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Digital Tools Simplify Daily Tasks

Caring for a stroke survivor is complicated enough, so why not let a few easily accessible digital tools help you out? Ditch the day planner and pick up your PC to expedite communication and organization. These tools are free and were designed by caregivers just like you.

Social Networks Connect Communities

Over the past decade, a variety of social networks focused on personal health have developed. These sites exist as a place to share news and receive encouragement from family and friends, and also to allow patients to discuss their symptoms and treatment with those who have experienced the same health condition.

The value of a network of family and friends, even during the healthiest of times, is well established. So, when recovering from a stroke, reliance on your network of support for emotional, and sometimes physical, strength becomes even more important.

Social Sites for Stroke Survivors

  • Careverge connects you privately and anonymously to personalized tools, experts and communities to help you reach your health goals.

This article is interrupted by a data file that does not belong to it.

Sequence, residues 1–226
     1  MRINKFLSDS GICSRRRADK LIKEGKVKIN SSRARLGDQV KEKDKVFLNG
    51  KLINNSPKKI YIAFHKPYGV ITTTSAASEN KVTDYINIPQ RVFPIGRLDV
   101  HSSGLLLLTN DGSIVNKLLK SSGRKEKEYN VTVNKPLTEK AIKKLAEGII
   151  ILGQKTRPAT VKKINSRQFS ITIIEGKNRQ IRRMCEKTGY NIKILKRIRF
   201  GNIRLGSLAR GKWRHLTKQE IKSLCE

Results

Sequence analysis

• CaringBridge connects patients and caregivers with their current network of support, allowing the group to share, listen, and express their feelings in a safe and private space.
  • CureTogether brings patients around the world together to share quantitative information on over 500 medical conditions. They talk about sensitive symptoms and compare which treatments work best for them.
  • At DailyStrength you can share your story, join a support community and make friends online.
  • Inspire builds online health and wellness communities for patients and caregivers in partnership with national advocacy organizations.
  • At PatientsLikeMe you can share your health experiences in order to help yourself, other patients and organizations that focus on your conditions.

Online Calendars Coordinate Volunteers

Using a tool, like an online calendar, to organize helpful daily tasks can make it easier for individuals throughout your community to pitch in and help. Friends and family can browse tasks from doctor’s appointments to house chores and volunteer at their convenience.

10 Ideas for How People Can Help:

  • Bring a nutritious meal
  • Grocery shop
  • Offer a ride to the doctor
  • Mow lawn
  • Rake leaves
  • Shovel snow
  • Laundry
  • Provide child or pet care
  • Clean the house
  • Bring over a movie or game

By: Sona Mehring, founder and CEO of CaringBridge.org

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"Ditch the day planner and pick up your PC to expedite communication and organization."


A 2010 survey showed that 91 percent of CaringBridge users said that it helped make their health journey easier and 88 percent said using CaringBridge positively impacted their healing process. Using a personal website like CaringBridge is one option for staying connected and receiving support – it can be especially useful when your family and friends are spread out across the country.

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